Friday, 5 February 2016

Yours magazine fiction guidelines

I asked Yours magazine for their current fiction guidelines. They swiftly supplied both these and some non fiction guidelines. I've posted these as I suspect some of you may be tempted to have a go at writing a nostalgia post - am I right?

There's a lot of information here. Do read it carefully before you start work as both their rights requirements and submission procedure are a little different from many other magazines. Some of the advice, particularly 'what to avoid' might well be useful even if you decide not to submit to this particular publication.

Short story (fiction) guidelines



YOURS is always looking for good short stories. Every submission is read but we receive more than a hundred manuscripts a month and are able to publish only one short story per issue.


Please allow up to six months for reply and enclose a stamped, self-addressed envelope if you would like your manuscript to be returned. Submissions should be 1000-1,200 words long and not have been published elsewhere before. Manuscripts must be TYPED on one side of the paper and the title page must include the following:

  • 100 - 150 word synopsis.
  • An accurate word count.
  • Your full name (and real name if you write under a pen name), address and telephone number

If we can’t use your submission and you would like it returned to you please enclose a SAE with enough postage to cover the cost of the submission/s.


Know your audience

It is essential that you study three or four published stories in YOURS before writing anything for us.

Many manuscripts are rejected because, although they may be well written, the stories are aimed at a completely different market, such as younger women or a largely middle-class readership.

Read several issues of YOURS. This will give you a good idea of the type of reader you should be writing for and the general tone we use.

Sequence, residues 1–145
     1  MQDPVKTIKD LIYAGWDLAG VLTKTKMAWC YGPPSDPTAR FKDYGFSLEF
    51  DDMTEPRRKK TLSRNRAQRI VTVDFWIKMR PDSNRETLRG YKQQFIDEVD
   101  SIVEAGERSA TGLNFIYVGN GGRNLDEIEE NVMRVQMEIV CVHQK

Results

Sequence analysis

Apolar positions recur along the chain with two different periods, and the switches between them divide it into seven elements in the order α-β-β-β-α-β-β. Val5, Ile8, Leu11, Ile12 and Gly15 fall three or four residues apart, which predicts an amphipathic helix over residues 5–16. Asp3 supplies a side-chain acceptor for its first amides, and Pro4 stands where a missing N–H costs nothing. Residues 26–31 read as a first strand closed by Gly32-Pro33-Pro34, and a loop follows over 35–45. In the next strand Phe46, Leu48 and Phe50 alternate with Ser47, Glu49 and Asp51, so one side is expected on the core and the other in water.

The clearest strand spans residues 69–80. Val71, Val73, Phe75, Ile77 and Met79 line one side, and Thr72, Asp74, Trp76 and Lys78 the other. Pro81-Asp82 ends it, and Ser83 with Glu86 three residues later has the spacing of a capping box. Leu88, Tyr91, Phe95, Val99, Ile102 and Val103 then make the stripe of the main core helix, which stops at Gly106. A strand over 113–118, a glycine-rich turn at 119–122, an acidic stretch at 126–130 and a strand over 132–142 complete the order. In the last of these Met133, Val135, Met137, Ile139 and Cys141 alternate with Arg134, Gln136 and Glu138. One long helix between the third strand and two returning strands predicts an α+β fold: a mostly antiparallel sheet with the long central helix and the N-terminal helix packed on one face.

Our readers range in age from fifties upwards, with most in their mid-sixties and seventies. They are mostly women, although YOURS is read by some men, so don’t ignore their interests!


Good subjects

Some of the most popular themes with YOURS readers are romance, families, grandchildren, nostalgia and wartime comradeship. A lot of our readers did war work and/or had husbands or boyfriends serving in the Forces. Don’t be limited to these subjects though; the style and tone of what you write about must appeal to our readers as much as the content.

The first line of your story should grab the attention; it is all too easy to start a story with a bang, which quickly turns into a damp squib by the end of the first page. Keep up the reader's interest until the end or they will not bother to get that far - and a brilliant surprise ending will not make them read it in the first place.


What to avoid

Avoid stereotypical images of older people as ill, frail and lonely. Make sure your story is plausible and realistic and do not rely on unlikely coincidences. Try and avoid the hero turning out to be a cat or dog.

Avoid downbeat subjects such as death, widowhood, illness and loneliness, or write about them in a positive way that does not dwell on negatives.